Here is a recipe for red velvet cake. I love it because it uses oil rather than butter which makes it very dense and moist and fabulous. Every Christmas deserves a red velvet cake! (A word to the wise, do no be funny and try to make this green velvet cake. They made green velvet cake at Kroger and no one would buy it. It just looked disgusting)
Red Velvet Cake
Make one 9inch, 3-layer cake
2 1/2 cups all-purpose flour
1 1/2 cups sugar
1 teaspoon baking soda
1 teaspoon fine salt
1 tablespoon cocoa powder
1 1/2 cups vegetable oil
1 cup buttermilk, at room temperature
2 large eggs, at room temperature
2 tablespoons red food coloring (1 ounce) (I prefer to use the Wilton, no-taste, red gel food coloring)
1 teaspoon white distilled vinegar
1 teaspoon vanilla extract
Pecan pieces for garnish
To prepare pans: Thoroughly grease 3 round 9-inch cake pans, it works best if you use vegetable shortening. Then, using the bottom of the pans as a guide, cut out three circles of wax paper to go into the bottom of the pans. Press them into the bottom, and lightly grease the paper. Then, flour the pans with the paper in the bottom until the sides and the paper are covered lightly with flour. Set pans aside. (this is a sure-fire way of keeping the cake from sticking to the bottom of the pan)
Preheat the oven to 350 degrees F. Lightly oil and flour 3 (9 by 1 1/2-inch round) cake pans.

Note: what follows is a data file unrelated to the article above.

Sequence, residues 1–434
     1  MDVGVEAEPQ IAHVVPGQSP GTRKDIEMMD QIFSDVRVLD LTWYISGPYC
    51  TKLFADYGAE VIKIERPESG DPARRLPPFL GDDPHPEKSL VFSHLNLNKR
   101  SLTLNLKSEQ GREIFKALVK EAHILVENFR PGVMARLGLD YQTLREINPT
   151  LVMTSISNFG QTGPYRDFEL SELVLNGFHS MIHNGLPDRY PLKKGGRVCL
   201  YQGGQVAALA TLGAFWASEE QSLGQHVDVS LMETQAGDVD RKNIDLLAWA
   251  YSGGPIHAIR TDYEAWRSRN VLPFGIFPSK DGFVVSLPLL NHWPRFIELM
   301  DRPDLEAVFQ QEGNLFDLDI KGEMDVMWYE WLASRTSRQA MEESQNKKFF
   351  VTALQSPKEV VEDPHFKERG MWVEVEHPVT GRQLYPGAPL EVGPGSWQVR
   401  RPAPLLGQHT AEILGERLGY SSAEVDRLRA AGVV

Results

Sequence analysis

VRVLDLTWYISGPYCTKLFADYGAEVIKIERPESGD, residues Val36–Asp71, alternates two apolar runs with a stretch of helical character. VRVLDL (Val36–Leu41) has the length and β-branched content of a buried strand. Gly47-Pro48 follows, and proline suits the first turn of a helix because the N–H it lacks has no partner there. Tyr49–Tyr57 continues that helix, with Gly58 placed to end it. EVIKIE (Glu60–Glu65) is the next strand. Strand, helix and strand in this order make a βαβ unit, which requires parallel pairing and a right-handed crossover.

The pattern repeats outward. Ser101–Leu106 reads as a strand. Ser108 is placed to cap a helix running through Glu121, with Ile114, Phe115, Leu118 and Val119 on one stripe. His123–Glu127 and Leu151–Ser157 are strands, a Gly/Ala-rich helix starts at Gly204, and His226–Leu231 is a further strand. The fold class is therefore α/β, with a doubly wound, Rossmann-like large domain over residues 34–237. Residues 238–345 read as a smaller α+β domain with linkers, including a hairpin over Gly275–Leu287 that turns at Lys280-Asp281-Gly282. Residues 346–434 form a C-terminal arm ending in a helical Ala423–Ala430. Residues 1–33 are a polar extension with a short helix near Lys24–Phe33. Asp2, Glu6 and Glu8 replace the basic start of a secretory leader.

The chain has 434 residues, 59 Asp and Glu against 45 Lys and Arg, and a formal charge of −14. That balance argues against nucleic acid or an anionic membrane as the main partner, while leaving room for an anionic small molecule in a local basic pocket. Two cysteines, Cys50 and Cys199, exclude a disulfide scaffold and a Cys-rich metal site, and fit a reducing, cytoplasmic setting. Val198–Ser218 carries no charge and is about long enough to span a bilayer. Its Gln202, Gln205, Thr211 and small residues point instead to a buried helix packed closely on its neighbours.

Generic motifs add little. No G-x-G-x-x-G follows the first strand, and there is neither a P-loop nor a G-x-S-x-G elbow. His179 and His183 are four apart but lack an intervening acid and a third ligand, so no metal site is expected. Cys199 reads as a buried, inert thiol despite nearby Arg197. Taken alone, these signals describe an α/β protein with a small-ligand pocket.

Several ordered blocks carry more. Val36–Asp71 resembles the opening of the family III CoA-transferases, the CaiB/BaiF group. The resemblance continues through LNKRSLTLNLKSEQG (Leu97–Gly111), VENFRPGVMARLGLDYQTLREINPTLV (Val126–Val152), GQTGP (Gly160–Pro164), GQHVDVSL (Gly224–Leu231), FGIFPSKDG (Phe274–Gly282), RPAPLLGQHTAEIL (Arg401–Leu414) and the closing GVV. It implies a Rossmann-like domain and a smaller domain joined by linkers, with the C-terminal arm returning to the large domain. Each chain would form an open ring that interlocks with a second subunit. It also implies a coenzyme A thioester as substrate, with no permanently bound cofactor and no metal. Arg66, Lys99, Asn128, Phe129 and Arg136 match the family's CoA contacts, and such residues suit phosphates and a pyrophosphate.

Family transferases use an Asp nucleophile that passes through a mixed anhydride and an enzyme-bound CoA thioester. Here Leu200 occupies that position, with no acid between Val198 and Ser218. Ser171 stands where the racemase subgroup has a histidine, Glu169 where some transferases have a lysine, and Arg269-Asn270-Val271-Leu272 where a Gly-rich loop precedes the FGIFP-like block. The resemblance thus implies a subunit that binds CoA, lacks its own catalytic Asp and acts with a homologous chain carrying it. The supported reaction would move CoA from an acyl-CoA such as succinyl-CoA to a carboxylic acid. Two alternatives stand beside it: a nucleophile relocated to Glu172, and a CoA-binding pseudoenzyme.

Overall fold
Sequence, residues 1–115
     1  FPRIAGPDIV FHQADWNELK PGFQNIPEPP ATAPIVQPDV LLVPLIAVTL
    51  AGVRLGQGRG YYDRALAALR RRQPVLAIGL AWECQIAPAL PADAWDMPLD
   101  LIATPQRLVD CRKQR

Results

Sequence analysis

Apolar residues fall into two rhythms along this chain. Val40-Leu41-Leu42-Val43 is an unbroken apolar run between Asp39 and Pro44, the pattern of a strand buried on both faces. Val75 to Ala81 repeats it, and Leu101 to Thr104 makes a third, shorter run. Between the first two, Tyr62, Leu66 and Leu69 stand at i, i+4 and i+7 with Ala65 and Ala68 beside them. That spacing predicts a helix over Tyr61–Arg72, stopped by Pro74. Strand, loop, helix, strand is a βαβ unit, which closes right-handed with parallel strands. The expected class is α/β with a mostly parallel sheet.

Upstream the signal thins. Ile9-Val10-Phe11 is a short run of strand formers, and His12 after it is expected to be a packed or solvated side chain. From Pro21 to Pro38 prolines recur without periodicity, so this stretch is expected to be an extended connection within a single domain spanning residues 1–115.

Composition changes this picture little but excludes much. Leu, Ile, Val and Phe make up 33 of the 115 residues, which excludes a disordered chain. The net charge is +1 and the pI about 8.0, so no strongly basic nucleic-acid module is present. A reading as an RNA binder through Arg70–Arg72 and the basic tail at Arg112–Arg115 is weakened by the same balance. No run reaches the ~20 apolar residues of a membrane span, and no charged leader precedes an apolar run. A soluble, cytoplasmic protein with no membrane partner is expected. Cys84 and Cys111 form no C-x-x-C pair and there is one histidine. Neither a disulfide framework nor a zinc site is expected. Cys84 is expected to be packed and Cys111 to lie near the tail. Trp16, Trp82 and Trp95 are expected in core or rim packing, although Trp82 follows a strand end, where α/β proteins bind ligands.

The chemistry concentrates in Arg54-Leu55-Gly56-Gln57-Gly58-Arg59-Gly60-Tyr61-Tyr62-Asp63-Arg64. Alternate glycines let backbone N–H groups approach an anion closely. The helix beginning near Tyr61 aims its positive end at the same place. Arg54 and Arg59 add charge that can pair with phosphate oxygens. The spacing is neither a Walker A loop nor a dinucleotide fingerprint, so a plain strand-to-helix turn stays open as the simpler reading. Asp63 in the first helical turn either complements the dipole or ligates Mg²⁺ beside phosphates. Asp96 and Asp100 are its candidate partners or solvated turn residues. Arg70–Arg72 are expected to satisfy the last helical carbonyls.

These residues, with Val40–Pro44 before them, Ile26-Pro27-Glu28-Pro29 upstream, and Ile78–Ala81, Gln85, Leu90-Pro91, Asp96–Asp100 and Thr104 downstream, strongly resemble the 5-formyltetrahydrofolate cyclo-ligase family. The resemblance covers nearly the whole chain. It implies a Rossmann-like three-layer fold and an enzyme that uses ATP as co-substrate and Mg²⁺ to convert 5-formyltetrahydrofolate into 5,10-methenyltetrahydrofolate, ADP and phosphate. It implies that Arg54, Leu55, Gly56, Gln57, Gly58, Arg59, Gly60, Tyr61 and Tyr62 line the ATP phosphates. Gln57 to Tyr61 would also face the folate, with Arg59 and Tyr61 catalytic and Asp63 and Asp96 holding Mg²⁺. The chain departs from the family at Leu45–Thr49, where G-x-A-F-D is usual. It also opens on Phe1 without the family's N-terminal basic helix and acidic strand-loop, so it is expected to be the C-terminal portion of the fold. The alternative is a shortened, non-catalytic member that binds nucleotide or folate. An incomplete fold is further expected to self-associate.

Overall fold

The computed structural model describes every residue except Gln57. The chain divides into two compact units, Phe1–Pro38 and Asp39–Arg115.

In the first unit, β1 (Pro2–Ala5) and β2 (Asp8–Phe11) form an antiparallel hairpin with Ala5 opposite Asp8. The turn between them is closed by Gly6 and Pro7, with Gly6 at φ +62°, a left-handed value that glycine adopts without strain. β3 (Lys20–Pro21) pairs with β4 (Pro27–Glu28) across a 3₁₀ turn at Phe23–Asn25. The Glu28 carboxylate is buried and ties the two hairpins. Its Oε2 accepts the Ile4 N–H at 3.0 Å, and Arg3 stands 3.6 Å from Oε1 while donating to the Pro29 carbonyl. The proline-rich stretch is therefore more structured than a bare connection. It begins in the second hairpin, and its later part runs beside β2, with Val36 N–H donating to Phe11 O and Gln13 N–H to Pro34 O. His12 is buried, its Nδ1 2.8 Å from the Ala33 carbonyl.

In a large bowl, sift together the flour, sugar, baking soda, salt, and cocoa powder. In another large bowl, whisk together the oil, buttermilk, eggs, food coloring, vinegar, and vanilla.
Using a standing mixer, mix the dry ingredients into the wet ingredients until just combined and a smooth batter is formed.
Divide the cake batter evenly among the prepared cake pans. Place the pans in the oven evenly spaced apart. Bake, rotating the pans halfway through the cooking, until the cake pulls away from the side of the pans, and a toothpick inserted in the center of the cakes comes out clean, about 30 minutes.
Remove the cakes from the oven and run a knife around the edges to loosen them from the sides of the pans. One at a time, invert the cakes onto a plate and then re-invert them onto a cooling rack, rounded-sides up. Let cool completely.
Frost the cake. Place 1 layer, rounded-side down, in the middle of a rotating cake stand. Using a palette knife or offset spatula spread some of the cream cheese frosting over the top of the cake. (Spread enough frosting to make a 1/4 to 1/2-inch layer.) Carefully set another layer on top, rounded-side down, and repeat. Top with the remaining layer and cover the entire cake with the remaining frosting. Sprinkle the sides with the pecans.
Cream Cheese Frosting
1 pound cream cheese, softened
4 cups sifted confectioners' sugar
2 sticks unsalted butter (1 cup), softened
1 teaspoon vanilla extract
In a mixer fitted with the paddle attachment, mix the cream cheese, sugar, and butter on low speed until incorporated. Increase the speed to high, and mix until light and fluffy, about 5 minutes. (Occasionally turn the mixer off, and scrape the down the sides of the bowl with a rubber spatula.)
Reduce the speed of the mixer to low. Add the vanilla, raise the speed to high and mix briefly until fluffy (scrape down the bowl occasionally). Store in the refrigerator until somewhat stiff, before using.